Chuk Chuk


Do you remember my friend Jyldyz from Kyrgystan? Previously, I published two of her recipes here. One of them is Ash Plov, and the other is Khirgiz Manti. They were just wonderful and we loved them. Her recipes add a great variety to my recipes here, which are all from Turkish cuisine. I’d like to thank her again for being so generous to share her mouth watering recipes with us. Here is a very Kirghiz dessert and I’m sure we’ll all love it too. I made it yesterday night (yes night again!) and we ate it all. It was a night when I craved for something sweet and my husband suggested Jyldyz’s recipe. Luckily he reminded me of this yummy dessert, otherwise I was planning to have a bar of chocolate.

-2 cups high quality flour
-1 cup sugar
-5 eggs
-1 cup fruit-drops (you can use dried fruits, raisin, apricot, almonds, nuts, walnuts etc.)
-1.5 cup honey
– 2 cups vegetable oil (for frying)
-1 tbsp baking powder
-A pinch of salt

Break fresh eggs into a bowl, add some sugar ( a little), and mix them.  Combine flour, salt, baking powder and make soft dough. Divide dough into several pieces, roll it out into a layer about half a cm wide, and cut into short noodles. Fry the noodles in the boiling oil. When the fried dough is ready, the pieces become yellow-reddish in color and crispy.
Mix honey with sugar and boil the mixture in a separate bowl. You can test if the honey is ready this way: take a drop of honey with a match and if the jet of honey trickling from the match and becomes brittle after cooling down, then it’s time to stop boiling. You shouldn’t boil the honey for too long as it can slightly burn, become dark and spoil the taste of the dish.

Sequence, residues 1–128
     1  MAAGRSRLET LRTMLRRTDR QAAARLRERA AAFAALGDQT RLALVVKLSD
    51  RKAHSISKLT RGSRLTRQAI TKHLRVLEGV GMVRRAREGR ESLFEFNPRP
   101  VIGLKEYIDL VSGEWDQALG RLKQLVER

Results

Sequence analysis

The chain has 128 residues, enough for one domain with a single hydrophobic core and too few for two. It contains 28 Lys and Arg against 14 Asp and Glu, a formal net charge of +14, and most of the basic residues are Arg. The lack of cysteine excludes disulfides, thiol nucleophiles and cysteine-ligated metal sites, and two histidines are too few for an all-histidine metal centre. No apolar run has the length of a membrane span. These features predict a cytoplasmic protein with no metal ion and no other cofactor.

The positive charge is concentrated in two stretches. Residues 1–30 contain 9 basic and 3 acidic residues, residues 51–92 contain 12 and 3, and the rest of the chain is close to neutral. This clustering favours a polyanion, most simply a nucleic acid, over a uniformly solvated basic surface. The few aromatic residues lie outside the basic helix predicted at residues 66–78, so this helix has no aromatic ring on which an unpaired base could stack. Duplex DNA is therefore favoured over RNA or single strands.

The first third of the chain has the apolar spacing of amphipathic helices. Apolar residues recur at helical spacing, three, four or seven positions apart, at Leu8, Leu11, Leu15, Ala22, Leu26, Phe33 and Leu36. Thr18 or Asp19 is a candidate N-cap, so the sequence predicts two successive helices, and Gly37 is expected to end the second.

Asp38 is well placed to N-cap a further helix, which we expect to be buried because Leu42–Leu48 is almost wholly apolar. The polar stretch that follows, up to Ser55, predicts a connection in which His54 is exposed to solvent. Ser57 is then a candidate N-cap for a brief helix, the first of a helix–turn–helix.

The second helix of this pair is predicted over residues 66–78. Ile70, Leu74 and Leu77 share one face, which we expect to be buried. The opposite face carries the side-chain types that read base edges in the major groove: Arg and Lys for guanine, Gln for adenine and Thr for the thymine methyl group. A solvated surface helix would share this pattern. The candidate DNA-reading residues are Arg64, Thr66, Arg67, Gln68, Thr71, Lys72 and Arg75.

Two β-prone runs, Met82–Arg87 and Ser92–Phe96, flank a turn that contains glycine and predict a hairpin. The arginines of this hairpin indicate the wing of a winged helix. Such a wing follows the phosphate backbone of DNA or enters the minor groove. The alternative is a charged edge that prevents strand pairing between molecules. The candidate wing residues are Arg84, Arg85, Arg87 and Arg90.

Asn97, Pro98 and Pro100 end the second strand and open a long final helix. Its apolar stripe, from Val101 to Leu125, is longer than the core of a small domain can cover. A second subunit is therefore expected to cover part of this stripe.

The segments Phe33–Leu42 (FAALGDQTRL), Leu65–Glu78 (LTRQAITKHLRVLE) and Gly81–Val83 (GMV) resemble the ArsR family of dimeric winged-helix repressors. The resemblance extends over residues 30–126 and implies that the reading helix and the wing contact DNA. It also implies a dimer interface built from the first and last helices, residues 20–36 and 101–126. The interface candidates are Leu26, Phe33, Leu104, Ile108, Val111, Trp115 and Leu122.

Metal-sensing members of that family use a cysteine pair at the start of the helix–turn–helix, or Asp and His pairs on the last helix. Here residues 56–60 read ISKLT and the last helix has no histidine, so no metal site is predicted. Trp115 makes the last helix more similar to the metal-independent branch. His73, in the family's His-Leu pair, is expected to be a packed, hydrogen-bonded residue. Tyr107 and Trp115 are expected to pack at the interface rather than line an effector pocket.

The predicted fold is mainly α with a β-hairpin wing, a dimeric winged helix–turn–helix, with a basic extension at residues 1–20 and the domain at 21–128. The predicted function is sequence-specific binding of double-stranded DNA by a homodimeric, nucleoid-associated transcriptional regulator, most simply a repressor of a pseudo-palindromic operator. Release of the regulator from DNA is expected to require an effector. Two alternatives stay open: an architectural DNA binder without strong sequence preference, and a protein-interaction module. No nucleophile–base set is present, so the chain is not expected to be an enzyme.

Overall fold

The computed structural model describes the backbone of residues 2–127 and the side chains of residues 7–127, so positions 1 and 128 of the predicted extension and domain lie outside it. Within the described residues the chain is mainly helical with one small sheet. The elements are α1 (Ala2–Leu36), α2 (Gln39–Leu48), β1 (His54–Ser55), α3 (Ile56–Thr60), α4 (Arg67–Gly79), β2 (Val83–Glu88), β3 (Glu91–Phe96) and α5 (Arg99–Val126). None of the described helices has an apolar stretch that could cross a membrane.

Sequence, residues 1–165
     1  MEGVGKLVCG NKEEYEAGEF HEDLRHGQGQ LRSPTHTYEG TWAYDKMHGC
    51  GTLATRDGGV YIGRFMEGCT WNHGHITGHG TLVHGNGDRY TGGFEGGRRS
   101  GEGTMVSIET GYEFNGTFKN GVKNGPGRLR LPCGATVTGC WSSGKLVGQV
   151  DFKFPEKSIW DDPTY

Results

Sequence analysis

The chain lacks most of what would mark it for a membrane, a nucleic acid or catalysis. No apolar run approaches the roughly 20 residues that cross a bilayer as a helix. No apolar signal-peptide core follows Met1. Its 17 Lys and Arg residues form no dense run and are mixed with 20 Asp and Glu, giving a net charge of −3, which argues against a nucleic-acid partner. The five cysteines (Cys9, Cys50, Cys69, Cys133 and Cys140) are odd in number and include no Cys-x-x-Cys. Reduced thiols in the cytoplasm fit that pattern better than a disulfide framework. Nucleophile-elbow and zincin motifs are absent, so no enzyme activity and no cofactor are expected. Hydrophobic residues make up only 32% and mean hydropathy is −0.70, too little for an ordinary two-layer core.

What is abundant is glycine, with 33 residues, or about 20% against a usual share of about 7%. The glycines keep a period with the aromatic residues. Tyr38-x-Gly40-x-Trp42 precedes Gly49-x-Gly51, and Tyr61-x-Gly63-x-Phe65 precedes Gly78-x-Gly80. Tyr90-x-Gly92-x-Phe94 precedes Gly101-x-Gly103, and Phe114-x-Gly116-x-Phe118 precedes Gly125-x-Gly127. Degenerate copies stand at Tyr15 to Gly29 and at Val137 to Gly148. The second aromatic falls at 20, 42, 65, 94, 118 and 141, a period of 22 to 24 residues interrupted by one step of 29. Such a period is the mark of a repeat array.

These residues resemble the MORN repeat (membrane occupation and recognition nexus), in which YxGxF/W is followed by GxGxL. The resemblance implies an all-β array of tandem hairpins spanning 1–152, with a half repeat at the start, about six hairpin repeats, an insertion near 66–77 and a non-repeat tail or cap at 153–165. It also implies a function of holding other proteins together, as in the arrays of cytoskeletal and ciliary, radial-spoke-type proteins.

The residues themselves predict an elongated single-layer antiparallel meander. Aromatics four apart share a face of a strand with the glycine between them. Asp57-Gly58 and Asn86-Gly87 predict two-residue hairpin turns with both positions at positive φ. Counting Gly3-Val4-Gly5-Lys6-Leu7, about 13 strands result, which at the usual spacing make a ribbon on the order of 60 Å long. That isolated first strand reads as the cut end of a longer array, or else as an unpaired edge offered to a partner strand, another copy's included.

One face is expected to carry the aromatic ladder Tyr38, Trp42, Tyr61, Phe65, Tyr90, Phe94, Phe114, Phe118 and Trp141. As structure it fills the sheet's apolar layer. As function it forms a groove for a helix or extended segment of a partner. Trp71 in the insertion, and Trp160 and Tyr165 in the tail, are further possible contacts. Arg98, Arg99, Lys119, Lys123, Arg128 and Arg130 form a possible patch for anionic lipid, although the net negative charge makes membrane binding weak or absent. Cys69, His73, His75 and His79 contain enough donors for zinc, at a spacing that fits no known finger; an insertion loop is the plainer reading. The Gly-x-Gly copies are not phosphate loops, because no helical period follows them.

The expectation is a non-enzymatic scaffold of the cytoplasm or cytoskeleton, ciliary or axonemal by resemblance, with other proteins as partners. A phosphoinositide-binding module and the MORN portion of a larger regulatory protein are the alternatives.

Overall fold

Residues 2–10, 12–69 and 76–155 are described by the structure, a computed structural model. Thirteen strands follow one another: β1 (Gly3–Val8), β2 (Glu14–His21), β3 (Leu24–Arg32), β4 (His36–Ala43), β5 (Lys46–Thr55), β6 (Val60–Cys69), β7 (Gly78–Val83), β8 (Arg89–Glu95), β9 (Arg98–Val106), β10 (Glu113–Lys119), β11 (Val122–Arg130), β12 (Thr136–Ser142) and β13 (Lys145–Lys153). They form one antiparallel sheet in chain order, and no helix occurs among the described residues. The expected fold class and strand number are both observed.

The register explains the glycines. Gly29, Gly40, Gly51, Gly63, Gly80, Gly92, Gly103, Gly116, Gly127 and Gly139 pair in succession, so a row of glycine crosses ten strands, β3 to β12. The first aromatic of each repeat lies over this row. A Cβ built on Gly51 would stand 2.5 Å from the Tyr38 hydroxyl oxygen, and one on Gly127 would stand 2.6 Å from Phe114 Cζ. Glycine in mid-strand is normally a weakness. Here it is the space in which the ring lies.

Put the boiled noodles into a bowl, pour the honey (hot) and mix well. After that put the mixture on a tray or a flat plate, wet your hands with cold water and shape chuk-chuk as you wish (it can be a pyramid, a cone, a star, etc.). You can decorate the ready chuk-chuk with fruit-drops and let them harden. To harden the shape of your chuk chuk can help the refrigerator.
Chuk-chuk is served either in the whole or cut into pieces.


  1. says

    This is similar to a chocolate bark or brittle, only with noodles. It’s so unique-I bet it’s delicious!

  2. says

    I’ve never seen anything like it! At first, I thought it would be noodles covered in the honey mixture and would remain soft. But from your description, it sounds like it would be somewhat crunchy. Would this go well with Turkish coffee or better with tea? I’d love to try this . . .

  3. says

    Zerrin, this dessert sounds delicious, and I will try it, it sounds so unusual, that I’d love to make to take to a party or picnic – I assume it should stay refrigerated until it is ready to use.

    While the chocolate bar would have been the easiest option, I am grateful to your husband that you made chuk-chuk to share with us =)

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